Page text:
Guilty Pleas/Elements of Armed Robbery – It was plain error for the district court to accept the defendant’s plea to armed robbery based on his placing a closed pocket knife on the bank teller’s counter while pulling a plastic bag out of his pocket, as this did not constitute “use of a deadly weapon.”
The defendant appealed his conviction after pleading guilty to armed bank robbery, arguing that the district court plainly erred by accepting his plea without a sufficient factual basis. The defendant argued that his actions during the robbery, which included placing a closed pocket knife on the bank teller’s counter while pulling a plastic bag out of his pocket did not constitute the “use of a deadly weapon” as required to prove armed bank robbery under 18 U.S.C. § 2113(d).
The Court agreed that the district court committed “plain error.” The Court gave significant weight to the fact that the defendant never opened the knife during the robbery, exposed its blade, or ever threatened to use it. There was no evidence that the defendant intended to cause fear or intimidation or to disprove his that he inadvertently took the knife out of his pocket while looking for the plastic bag.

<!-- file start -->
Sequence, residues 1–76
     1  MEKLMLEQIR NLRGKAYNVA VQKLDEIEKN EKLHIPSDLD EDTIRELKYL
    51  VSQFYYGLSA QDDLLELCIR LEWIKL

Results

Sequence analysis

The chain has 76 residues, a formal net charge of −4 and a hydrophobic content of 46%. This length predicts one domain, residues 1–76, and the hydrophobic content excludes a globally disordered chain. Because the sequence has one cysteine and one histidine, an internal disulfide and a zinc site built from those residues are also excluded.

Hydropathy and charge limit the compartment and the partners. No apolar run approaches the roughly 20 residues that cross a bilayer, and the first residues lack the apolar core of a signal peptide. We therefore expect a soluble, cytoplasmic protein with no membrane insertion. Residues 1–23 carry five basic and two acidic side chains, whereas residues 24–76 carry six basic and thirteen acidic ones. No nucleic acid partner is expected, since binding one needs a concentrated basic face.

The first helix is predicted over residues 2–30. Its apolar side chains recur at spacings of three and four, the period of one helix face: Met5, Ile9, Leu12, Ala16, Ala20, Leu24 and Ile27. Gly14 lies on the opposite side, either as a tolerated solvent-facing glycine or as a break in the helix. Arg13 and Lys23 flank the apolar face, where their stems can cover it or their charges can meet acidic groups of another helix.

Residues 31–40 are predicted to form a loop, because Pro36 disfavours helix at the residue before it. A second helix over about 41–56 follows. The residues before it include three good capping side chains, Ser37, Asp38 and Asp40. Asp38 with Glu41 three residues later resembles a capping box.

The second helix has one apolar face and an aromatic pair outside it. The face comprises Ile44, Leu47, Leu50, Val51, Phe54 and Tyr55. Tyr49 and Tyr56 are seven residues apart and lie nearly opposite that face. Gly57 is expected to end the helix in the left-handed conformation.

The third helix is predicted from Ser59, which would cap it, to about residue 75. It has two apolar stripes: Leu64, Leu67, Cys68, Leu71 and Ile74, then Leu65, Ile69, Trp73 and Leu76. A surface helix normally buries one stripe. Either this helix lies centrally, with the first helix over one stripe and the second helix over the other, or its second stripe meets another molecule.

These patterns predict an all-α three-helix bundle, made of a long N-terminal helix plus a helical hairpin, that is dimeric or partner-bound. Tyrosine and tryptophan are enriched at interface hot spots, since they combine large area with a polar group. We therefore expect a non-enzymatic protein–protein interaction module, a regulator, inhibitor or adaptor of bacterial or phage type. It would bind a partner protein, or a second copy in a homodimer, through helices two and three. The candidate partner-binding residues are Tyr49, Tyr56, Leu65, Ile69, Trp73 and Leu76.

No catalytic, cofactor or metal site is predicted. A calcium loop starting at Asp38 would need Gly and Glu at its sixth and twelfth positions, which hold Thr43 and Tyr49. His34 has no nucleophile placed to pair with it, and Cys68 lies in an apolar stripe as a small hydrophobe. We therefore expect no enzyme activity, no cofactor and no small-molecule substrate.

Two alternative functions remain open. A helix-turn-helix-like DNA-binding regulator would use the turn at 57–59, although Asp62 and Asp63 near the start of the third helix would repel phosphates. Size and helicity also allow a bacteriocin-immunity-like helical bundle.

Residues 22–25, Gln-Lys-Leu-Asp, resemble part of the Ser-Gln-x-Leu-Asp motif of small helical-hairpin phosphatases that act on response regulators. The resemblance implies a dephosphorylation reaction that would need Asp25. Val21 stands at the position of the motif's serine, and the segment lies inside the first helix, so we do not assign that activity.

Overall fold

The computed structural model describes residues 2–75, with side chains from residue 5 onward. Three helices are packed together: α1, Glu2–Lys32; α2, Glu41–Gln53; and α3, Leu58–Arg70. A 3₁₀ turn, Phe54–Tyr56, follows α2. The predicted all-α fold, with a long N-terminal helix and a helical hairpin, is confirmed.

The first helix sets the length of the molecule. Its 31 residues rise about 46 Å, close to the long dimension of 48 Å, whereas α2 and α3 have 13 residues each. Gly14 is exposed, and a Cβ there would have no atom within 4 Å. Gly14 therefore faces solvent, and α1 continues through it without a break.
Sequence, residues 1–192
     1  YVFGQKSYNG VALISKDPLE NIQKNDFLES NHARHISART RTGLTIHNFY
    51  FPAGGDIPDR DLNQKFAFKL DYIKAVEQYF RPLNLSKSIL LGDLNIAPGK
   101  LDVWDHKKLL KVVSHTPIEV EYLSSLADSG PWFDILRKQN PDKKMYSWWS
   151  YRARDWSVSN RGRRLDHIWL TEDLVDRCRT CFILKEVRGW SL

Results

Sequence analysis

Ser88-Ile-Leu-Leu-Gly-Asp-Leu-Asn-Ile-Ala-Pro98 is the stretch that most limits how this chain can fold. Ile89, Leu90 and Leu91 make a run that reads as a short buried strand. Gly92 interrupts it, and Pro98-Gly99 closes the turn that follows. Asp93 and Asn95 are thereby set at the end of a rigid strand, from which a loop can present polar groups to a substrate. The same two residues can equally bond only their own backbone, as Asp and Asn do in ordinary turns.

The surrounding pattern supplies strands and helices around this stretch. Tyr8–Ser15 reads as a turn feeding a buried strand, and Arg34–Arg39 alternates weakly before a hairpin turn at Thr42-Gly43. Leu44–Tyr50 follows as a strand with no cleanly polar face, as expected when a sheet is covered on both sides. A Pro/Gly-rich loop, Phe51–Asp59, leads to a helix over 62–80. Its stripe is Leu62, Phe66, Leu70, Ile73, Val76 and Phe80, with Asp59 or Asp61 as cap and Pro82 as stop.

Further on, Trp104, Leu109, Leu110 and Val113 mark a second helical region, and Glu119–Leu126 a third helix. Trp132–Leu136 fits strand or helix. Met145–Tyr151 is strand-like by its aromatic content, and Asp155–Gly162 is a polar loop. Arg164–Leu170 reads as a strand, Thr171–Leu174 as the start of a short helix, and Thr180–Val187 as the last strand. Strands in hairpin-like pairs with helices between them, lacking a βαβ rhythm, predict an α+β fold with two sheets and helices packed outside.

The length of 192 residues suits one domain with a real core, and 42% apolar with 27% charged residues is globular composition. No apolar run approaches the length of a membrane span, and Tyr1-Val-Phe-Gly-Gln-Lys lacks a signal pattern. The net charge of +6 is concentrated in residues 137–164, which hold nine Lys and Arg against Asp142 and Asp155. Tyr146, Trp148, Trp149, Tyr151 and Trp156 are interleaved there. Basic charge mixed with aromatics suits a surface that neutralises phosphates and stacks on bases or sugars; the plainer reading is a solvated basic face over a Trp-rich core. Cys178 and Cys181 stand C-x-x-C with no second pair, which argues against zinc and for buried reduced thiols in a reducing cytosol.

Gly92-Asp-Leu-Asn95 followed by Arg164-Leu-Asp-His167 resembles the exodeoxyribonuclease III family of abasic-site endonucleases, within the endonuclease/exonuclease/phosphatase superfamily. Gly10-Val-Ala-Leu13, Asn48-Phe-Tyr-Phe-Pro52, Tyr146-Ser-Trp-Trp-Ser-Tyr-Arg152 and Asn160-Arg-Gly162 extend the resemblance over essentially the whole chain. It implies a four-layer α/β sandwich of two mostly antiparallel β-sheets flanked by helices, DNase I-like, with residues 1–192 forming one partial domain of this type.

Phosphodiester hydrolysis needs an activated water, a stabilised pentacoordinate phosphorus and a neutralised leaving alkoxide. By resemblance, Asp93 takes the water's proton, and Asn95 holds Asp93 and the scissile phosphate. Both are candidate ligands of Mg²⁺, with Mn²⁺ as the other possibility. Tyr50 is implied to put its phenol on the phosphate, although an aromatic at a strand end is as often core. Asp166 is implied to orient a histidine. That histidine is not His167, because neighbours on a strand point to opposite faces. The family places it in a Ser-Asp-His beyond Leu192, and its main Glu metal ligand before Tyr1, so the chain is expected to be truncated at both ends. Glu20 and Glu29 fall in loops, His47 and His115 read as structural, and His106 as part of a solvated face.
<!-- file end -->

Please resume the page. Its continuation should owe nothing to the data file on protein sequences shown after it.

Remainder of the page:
These facts did not rise to the level of “putting in jeopardy the life of any person by the use of a dangerous weapon,” especially given Ninth Circuit precedent where inadvertently displaying a firearm during a bank robbery is not sufficient for a conviction of armed bank robbery. Rather, the Court held, there must be “active employment” of a dangerous weapon, or at least an “obvious and forceful” display of the firearm in cases where the firearm is merely placed on a table.
Not only was this error, but this error was “plain.” In fact, the magistrate judge had refused to enter the plea for armed bank robbery at the first change-of-plea hearing and expressed hesitance at the second before entering the plea. The defendant only admitted in his colloquy that he placed a “closed pocket knife on the counter.” The court’s error substantially affected the defendant’s rights too, given that he was unaware that the facts he admitted were insufficient to meet the elements of the offense he was pleading to.
Appeal from the District of Arizona
Opinion by Tashima, joined by Smith and Piersol (by designation from D.S.D.)